Marketing the Message

by Don Matzat

Let's suppose that a group of Protestant Church leaders hired a noted secular marketing expert to assess the message of the Church and provide suggestions for how that message might be made more acceptable to the people of this age.  After a few months, they gather together to hear his report.  Here is what he might say.  Let's eavesdrop...

You want your churches to be popular and successful.  I don't blame you.  With my wide range of experience in secular marketing, I believe I can help.  You must understand that postmodern people today attend a church they like.  Polls have indicated that there are basic Christian teachings that people don't like.  If you want people to attend your church and like your church, you must adjust your message.  For one thing, to suggest that man is by nature a sinner, an enemy of God, and that there is nothing he can do to please God is insulting.  To say that man's highest, loftiest efforts fall short of God's glory might prompt people to no longer strive after excellence.  All of the wonderful obituaries you read in the paper about wonderful people who accomplished wonderful things must mean something.  To say that man's good works may look good in the eyes of men, but in the eyes of God mean nothing in terms of going to heaven is counter­productive.  You must offer to people a God who is not critical of their efforts but affirms them.

Psychology tells us that everyone needs and wants to be affirmed.  In the past the truth of human sinful nature has been attacked.  Those who attacked the "sin-­talk" knew what they were doing.  The ancient Pelagius was on track when he gave man the ability to draw near to God... I read about the evangelist Charles Finney who led a very popular revival in the 19'b century.  I believe you should learn from Finney!  He rejected the notion that man was by nature a sinner... Today the issue of self-esteem is a very important and popular subject.  If you are to be sensitive to the felt needs of people, this doctrine of the sinful nature must be jettisoned.  Why promote a product no ones wants?  It's bad business.  If you want to engender self-esteem and not wound the sensitive inner child of those who visit your churches, all this "sin-talk" must stop.  In addition, we are living in a kinder and gentler society.  To teach the notion that God requires a blood sacrifice to forgive sins is to promote violence.  If a visitor happens to be an animal rights activist, how will he or she respond if you bring up all the animal sacrifices in the Old Testament?  Think of the poor little lambs ... You must, (nevertheless), of course, emphasize forgiveness.  Forgiveness is popular and therapeutic.  To forgive is an important plank in good psychology.  Rather than saying that forgiveness is based upon blood and gore, I suggest you should emphasize the "niceness" of God.  God forgives us because He is nice and we should be nice, as God is nice and forgive other people.  As a result of this adjustment in your proclamation, people will like God.  Consequently, they will also like you and come to your churches.  And you will be successful ... Rather than eliminating sin and blood sacrifice, marginalize the subjects.  You can still promote the notion that God is nice if you don't focus on sins and blood sacrifice.  Insist that you still believe it, but in practice, don't talk about it that much.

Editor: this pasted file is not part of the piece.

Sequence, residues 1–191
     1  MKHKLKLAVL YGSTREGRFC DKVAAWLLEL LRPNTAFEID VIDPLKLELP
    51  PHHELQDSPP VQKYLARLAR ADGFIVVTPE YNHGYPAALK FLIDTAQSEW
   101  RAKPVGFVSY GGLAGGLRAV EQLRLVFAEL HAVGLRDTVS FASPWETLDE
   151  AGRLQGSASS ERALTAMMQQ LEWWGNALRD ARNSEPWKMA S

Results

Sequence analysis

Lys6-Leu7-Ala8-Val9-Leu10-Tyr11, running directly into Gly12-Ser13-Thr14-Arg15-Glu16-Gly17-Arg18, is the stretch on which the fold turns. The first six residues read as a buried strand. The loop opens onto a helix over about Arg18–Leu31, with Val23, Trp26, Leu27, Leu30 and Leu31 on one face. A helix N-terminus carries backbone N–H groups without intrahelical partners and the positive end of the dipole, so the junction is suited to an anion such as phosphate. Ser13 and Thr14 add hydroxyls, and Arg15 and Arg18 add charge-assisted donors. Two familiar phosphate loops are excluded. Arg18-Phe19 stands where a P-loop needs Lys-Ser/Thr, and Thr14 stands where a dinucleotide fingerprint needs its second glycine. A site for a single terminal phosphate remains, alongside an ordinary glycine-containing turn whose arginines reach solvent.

One very popular church west of Chicago is very successful because they are highly sensitive to their customers.  They only occasionally focus on the subjects of sin and blood sacrifice.  In fact, they are very vase in not even displaying one of those horrible crosses in their huge facility.  Learn from them... If you insist on still preaching sin blood sacrifice, and imputed righteousness, get it over with quickly.  Do it in the beginning.  Make the meat of your sermon moral admonitions that begin with the "Let us" or "May we...... "Let us be men of integrity unlike our philandering president" is a winner... When people leave your church it will be your moral admonitions and positive affirmations that will be ringing in their ears.

The issue of living the Christian life is a vital message today.  Make sure that the people always hear that message as self-improvement.  Never speak of diminishing of self.  This idea can be highly inflammatory.  Realize that the most dynamic power within the human psyche is power of the self.  Some of the phrases in the bible written by Paul are not all that helpful.  Never preach on the theme of "boasting of weaknesses" or considering all of your good positive moral traits to be "dung." The Christian life is self-improvement.  Put that motto on your wall right next to your mission statement.  It will help you attain your lofty goals... If you follow these suggestions you will build a loving community of faith that is highly respected by people of all religious convictions.  You will be loved as an open-minded, kind, and gentle man of God.  You will be successful... If some of your fellow church leaders voice concern that you are borrowing my secular ideas to build your church, respond with a look of disbelief and ask, "Doesn't the Bible that the Jews fleeced the Egyptians?"

That's my report.  Now, get out there and sell that product! (Issues, Etc.  Journal, Fall, 1998, pp. 11-15).